Why not? I’m asking as someone who crosses at that type of signal more when walking, and wouldn’t think there’s any benefit to my waiting until the vehicle signal also turns green. Is it because you feel safer if cars are also crossing alongside you, making it more likely people you’re crossing in front of will obey the red? Asking out of curiosity.
Yes, I would use the traffic light not only because I consider myself a vehicle and not a pedestrian, but also the mass of the other cars further signals for the sleeper at the wheel that it’s not his turn to transit the intersection. Undoubtedly, the van ran the light, but misbehaviour on faster roads seems common. There are numerous situations like this, where the cyclist may have the right but considering the speed and too common poor attention of fast moving vehicles, extra caution is necessary. I cut my teeth back in the bad old days (70’s & 80′) were cyclists lacked the infrastructure and relied on their wits & experience to stay safe. Inattentive & fast drivers are something us slowpokes need to avoid as much as possible.
I consider myself a human being regardless of whether I’m using a shoe or bicycle to get from point A to B.
Given that the two lanes of traffic here are forced to turn right only, the lane the van is in may very well have a green light when those red, right turn arrows turn green. The ped signal means no one is (supposed to be) driving across the crosswalk. So, with a cyclist that needs to go across and turn left, the ped signal is likely the safest move.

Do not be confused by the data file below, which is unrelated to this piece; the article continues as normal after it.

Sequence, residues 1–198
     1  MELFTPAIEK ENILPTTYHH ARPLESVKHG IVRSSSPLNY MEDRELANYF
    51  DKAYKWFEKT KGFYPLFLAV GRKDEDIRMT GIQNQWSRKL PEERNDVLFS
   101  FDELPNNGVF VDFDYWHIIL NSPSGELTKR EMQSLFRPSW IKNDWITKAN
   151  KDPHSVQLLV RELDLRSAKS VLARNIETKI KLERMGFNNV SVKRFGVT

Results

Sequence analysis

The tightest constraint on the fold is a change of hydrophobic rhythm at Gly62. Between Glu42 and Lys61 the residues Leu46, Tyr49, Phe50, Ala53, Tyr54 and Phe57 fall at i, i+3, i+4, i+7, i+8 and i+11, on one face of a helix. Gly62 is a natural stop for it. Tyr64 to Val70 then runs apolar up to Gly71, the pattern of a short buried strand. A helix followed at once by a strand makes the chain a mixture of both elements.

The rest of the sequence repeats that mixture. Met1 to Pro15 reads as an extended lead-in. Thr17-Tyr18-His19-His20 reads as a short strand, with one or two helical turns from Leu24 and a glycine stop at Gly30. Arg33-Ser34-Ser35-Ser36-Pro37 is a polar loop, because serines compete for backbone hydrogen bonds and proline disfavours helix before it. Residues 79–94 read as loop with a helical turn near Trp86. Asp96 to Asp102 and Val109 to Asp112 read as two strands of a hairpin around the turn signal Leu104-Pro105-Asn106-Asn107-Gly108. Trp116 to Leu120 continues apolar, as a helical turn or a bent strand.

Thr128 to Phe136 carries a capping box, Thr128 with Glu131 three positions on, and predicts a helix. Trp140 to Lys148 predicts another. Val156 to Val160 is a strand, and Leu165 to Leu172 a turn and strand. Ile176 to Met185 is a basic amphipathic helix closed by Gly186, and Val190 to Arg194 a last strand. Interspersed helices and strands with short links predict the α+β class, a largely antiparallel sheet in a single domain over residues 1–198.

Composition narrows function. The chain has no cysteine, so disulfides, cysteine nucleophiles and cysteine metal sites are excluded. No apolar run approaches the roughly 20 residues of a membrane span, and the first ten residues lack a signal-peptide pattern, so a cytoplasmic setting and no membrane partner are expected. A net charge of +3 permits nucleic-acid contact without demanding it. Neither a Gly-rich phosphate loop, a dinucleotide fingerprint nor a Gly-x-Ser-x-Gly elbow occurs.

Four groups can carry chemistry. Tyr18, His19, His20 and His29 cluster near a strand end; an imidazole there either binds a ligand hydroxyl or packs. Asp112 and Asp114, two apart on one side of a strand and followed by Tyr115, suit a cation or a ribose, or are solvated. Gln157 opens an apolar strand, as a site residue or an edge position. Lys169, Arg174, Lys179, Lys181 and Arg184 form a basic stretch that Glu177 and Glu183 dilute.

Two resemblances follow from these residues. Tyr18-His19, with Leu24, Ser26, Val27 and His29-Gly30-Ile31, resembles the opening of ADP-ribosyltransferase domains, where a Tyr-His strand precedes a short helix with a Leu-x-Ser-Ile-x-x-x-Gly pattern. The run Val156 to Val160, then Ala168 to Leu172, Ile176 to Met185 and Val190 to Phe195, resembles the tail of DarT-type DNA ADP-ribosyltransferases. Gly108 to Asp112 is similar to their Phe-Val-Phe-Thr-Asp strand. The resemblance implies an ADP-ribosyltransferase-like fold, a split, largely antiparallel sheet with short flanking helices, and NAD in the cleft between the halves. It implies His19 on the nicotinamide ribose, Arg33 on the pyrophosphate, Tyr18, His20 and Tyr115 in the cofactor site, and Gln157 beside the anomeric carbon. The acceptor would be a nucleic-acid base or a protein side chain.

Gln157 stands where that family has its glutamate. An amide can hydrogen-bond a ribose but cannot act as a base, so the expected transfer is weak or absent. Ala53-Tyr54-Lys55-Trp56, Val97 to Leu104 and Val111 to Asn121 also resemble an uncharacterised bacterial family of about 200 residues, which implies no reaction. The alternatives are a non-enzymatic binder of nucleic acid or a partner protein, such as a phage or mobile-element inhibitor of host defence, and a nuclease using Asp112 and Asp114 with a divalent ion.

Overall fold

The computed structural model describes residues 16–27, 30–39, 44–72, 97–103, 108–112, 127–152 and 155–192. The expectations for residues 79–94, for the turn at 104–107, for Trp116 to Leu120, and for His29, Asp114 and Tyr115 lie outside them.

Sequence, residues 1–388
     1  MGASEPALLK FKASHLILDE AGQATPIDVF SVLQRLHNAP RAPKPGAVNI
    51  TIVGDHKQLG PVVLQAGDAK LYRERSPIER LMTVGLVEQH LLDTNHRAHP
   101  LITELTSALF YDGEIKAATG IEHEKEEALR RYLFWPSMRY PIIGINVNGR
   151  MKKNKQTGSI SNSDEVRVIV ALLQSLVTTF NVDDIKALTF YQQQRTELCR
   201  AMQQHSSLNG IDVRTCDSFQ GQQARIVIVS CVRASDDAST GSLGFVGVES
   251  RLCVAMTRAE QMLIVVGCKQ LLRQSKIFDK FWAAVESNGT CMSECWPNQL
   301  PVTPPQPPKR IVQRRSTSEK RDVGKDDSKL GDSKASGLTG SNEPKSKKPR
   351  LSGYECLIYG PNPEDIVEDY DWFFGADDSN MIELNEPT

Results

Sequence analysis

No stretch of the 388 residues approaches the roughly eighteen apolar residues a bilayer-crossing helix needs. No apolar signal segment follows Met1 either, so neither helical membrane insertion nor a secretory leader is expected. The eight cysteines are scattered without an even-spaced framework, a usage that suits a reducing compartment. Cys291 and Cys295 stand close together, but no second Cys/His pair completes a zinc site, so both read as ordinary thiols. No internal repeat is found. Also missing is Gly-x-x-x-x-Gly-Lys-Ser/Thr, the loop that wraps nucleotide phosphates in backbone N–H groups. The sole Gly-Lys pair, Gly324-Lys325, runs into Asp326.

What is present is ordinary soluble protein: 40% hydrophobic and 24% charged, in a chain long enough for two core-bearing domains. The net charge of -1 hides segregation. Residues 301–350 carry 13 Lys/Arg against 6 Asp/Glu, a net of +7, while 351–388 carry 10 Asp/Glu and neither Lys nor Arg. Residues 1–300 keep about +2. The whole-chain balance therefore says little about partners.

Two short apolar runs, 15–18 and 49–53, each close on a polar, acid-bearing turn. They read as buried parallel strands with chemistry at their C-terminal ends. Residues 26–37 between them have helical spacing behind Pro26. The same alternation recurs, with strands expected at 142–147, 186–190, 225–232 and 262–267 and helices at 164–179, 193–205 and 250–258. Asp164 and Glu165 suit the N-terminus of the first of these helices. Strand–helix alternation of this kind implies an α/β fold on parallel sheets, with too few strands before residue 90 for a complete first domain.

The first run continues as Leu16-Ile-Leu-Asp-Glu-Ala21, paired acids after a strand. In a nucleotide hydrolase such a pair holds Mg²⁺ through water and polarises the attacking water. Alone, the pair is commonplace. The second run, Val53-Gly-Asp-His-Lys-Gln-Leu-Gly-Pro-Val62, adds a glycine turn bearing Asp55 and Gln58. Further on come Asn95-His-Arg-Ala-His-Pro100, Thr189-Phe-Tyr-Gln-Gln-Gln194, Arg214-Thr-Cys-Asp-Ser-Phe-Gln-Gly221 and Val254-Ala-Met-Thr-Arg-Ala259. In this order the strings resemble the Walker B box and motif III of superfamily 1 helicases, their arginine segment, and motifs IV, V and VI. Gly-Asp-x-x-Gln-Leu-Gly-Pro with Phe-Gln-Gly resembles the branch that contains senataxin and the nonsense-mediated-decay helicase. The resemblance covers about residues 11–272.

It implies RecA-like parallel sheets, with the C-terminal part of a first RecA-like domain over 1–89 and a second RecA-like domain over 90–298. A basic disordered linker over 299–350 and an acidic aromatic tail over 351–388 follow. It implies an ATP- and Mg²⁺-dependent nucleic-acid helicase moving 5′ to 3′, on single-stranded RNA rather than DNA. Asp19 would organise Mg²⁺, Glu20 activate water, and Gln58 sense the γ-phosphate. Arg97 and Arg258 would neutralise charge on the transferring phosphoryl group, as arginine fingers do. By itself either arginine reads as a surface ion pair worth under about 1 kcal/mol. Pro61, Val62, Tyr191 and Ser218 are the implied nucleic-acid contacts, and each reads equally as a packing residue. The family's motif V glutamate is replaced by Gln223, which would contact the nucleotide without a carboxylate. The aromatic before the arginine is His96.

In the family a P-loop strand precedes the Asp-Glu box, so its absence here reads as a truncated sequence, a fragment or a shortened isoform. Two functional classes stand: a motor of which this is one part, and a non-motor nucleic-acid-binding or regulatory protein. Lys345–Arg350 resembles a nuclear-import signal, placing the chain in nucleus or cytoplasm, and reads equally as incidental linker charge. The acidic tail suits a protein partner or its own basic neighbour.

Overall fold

I ride differently as a single rider than in a group with variable speed. The ped crossing signal usually allows for more protected time to cross an intersection than the vehicle signal change — and you need more time for a group to cross than a single rider (generally).
And also, it depends on the intersection. N-bound at SE 17th & McLoughlin I use the ped signal to cross on my bike every time, because of the Max variable AND the additional time buffer to cross that giant road. S-bound I don’t touch it – I use the vehicle signaling because there’s no Max and the signal timing gives plenty of time to get across (weird, I know).
Yes,I imagine that lots of people ride differently in groups than they do when they’re alone.
Some people aren’t comfortable crossing that. way, Patrick.
You would think that the safest place to cross would be in a marked ped crossing. Mark was the one going through it. The rest of us were crossing (still legally) to the left of the crossing, in part because we know from experience that being too close to the stopped lane cars means not being able to view cars coming through the other lanes.
What I am getting at is that this intersection’s (new) design doesn’t really protect pedestrians or cyclists from these types of inevitable events.
I believe that all intersections should have traffic calming mechanisms to force drivers to slow down and that crosswalks should be far enough from where the cars stop to guarantee safety.
The pedestrian signal only governs the crosswalk. People crossing to its left ran the red light. (I run red lights constantly, so don’t take this as judgment.)
If the crosswalks were wide enough or far away enough from the cars we wouldn’t have to be crossing there. Still legal, for bikes.
Great to hear that PPB responded within five minutes.
A friend an I called 911 to report a fire and were on hold for five minutes.
“The van was towed as evidence.”
Hell yeah, dude can’t hurt anyone else if he doesn’t have a giant metal box.